Looking after an aging parent can be stressful. Sometimes seniors become more obstinate with age. Other times, dementia, medications, and similar complications can make things more difficult. But like almost any conflict, learning how to deal with stubborn aging parents can help ensure better outcomes for everyone involved.
Reasons for Being Stubborn
Dealing with difficult elderly parents is much easier once you understand the reasons for their behavior. For example, there are any number of reasons some seniors stubbornly refuse to practice good hygiene. As we age, our sense of smell goes into decline. And fear of slipping in the tub can be a component, if loved ones are too embarrassed to ask for help.
There are a thousand reasons for being stubborn. Many seniors experience chronic pain, which can make almost anyone feel disagreeable. Sometimes medications can cause personality changes, or bad behaviors may be the result of diseases like dementia. The list goes on.
That’s part of the reason why it’s important to intermittently evaluate your parent’s needs. That might include needs with respect to their mobility, hygiene, meal preparation, home safety, family support, and socialization. For example, does a memory problem mean they require help with medication management?
What about dealing with negative elderly parents who shout or express rage? Again, it helps to look for the cause of their anger. It could be related to pain, memory issues, or conditions like Alzheimer’s disease. In some cases, caretakers can do little about these kinds of outbursts besides learning to cope by not taking them personally.
Exercising Understanding for Dealing with Aging Parents
Aging can be frightening and frustrating. People gradually lose independence, experience prejudice against the elderly, and the rate of depression among seniors speaks for itself. This can sometimes lead aging adults to try and maintain as much control over their lives as possible, which can cause a person to be stubborn to the point of endangering themselves.
You’ll need to be able to distinguish between disagreements which are over something irritating but unimportant, and disagreements that present an authentic safety concern. And like any relationship, it’s important to be flexible and willing to compromise.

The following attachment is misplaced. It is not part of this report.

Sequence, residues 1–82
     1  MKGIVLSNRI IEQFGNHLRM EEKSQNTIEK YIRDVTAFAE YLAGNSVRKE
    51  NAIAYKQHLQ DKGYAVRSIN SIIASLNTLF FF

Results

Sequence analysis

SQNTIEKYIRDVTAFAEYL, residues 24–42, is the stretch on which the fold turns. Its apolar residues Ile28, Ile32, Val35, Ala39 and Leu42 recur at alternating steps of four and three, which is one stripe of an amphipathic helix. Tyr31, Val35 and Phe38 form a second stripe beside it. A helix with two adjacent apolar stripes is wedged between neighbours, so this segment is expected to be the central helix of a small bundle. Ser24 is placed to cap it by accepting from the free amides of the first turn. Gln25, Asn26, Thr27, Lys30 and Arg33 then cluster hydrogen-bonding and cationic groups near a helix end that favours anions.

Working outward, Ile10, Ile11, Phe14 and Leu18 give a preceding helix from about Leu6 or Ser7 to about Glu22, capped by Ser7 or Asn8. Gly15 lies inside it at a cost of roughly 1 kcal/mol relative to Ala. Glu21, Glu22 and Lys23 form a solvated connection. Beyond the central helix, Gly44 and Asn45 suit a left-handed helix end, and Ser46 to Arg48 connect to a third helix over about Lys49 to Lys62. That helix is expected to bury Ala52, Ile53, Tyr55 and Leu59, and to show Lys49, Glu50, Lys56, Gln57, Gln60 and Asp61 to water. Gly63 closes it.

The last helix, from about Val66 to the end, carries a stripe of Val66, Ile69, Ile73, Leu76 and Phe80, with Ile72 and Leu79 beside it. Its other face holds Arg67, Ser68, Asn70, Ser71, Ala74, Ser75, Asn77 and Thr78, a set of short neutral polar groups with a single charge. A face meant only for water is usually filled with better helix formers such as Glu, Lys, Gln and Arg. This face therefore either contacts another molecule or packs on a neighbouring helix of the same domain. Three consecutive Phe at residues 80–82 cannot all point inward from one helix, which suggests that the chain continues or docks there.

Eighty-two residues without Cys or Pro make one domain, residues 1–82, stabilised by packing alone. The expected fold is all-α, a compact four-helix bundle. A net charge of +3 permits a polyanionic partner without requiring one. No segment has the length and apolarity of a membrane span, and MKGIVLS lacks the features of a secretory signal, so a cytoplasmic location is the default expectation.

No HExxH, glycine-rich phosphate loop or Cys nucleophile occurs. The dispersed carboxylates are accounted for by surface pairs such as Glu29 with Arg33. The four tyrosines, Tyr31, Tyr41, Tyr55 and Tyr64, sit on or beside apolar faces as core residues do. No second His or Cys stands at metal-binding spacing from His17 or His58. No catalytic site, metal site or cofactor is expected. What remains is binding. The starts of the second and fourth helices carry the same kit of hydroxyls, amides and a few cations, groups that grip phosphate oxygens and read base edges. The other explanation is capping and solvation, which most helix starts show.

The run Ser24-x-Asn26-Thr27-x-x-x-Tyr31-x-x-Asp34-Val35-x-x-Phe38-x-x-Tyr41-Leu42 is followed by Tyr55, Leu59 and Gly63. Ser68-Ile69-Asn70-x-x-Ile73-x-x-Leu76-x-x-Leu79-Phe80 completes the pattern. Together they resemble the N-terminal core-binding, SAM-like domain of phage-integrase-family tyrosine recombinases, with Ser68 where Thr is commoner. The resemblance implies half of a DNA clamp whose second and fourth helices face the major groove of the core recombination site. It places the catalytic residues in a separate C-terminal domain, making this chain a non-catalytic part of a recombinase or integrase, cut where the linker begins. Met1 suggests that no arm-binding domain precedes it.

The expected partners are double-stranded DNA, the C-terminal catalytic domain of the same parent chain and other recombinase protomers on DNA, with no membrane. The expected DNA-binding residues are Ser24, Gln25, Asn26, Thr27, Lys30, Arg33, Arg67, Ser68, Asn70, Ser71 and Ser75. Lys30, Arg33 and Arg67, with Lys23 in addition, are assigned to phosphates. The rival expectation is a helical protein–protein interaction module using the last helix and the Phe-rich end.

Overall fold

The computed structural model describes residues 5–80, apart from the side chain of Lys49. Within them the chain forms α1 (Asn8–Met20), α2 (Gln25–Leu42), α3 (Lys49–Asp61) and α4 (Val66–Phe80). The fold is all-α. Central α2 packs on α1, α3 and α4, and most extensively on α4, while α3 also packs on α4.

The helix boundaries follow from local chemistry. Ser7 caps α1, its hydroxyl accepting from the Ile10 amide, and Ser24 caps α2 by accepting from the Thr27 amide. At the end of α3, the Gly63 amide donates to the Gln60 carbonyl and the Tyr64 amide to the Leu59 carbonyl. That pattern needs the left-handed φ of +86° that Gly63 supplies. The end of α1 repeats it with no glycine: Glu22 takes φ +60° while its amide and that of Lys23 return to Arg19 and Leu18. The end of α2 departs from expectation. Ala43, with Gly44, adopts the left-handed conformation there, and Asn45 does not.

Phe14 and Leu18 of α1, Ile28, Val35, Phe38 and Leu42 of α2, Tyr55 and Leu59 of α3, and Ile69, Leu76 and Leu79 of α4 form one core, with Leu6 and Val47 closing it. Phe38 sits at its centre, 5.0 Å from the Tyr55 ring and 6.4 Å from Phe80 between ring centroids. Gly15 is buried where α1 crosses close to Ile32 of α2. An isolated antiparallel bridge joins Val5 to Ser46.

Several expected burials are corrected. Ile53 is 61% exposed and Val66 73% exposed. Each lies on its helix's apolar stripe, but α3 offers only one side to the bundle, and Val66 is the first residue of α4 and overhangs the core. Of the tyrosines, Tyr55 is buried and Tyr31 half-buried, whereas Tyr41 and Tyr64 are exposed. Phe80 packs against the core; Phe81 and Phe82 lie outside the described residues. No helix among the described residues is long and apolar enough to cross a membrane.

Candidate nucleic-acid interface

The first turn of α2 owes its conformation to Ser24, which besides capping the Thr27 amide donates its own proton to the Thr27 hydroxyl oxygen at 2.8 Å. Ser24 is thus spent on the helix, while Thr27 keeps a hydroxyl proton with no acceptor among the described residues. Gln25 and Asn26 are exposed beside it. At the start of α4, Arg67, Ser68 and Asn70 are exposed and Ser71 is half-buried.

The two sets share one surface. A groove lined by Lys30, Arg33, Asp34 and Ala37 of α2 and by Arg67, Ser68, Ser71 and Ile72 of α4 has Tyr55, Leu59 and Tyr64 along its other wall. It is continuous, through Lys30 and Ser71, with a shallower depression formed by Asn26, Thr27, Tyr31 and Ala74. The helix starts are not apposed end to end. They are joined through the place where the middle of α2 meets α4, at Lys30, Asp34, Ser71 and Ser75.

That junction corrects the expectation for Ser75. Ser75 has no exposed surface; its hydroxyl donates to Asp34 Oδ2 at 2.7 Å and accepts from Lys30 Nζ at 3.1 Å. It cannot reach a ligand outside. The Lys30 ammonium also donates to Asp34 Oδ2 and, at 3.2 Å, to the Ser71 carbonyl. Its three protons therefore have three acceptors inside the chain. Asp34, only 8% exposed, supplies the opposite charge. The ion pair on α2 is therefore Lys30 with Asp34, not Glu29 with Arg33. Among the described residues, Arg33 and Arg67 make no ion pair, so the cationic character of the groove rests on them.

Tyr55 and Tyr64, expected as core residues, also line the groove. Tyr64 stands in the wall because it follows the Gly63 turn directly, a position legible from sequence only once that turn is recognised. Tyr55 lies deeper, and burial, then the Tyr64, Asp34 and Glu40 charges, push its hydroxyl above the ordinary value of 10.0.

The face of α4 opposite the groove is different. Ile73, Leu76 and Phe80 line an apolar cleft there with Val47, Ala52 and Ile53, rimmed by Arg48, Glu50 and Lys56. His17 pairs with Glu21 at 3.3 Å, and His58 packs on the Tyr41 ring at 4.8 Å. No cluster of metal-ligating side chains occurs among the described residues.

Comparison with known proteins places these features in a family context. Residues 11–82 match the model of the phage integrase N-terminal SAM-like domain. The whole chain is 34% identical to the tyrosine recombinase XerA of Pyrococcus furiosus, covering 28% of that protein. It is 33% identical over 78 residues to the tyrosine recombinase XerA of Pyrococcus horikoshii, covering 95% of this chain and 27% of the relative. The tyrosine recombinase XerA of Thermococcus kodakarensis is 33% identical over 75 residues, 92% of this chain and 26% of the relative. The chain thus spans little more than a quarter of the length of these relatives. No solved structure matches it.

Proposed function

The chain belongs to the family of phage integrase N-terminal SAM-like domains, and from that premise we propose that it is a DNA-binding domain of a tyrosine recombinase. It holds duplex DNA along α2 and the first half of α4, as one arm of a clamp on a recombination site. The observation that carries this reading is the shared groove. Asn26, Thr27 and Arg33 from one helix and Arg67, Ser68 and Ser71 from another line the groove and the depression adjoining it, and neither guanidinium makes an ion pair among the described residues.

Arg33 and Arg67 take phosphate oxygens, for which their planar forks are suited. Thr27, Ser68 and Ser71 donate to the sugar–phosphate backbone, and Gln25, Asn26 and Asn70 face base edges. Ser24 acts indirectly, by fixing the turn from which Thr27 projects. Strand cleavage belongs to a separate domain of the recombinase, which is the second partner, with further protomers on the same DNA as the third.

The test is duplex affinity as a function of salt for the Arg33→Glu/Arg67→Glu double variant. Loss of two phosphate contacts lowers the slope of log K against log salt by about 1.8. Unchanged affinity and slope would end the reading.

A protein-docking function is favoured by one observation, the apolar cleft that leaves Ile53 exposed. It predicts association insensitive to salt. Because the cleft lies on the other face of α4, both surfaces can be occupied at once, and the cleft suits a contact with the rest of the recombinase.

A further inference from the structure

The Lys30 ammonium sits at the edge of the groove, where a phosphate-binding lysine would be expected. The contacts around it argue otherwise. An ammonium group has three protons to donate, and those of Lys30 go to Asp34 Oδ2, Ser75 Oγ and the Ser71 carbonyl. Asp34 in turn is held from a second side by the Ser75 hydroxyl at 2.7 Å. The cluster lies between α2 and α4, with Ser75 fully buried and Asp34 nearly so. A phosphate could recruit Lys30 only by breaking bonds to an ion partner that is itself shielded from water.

Effective Communication for Dealing with Elderly Parents
When you’re planning care, include your parents in the decision-making as much as possible. That can help them feel like a partner in the process, rather than someone who’s been left powerless. Likewise, as a general rule, try and listen more than you talk. If you find out what is bothering them, you may find what is making them stubborn, and may be able to address the issue directly.
When dealing with demanding elderly parents, use assertive communication, not aggressive or passive communication. If you’re passive and don’t assert your own needs, you’ll end up being pushed around. With aggressive communication, you will force your needs onto others. Assertive communication is the middle-point which allows for everyone’s needs to be considered.
Learning how to deal with aging parents can involve trial and error. Don’t feel bad if you fail to mediate a conflict. Don’t nag or push your parents because a power struggle could damage your relationship, and endanger their health. Sometimes all we can do is stand by and let people make their decisions, only jumping in when needed. But with better listening and communication, it’s often possible to resolve these difficult situations.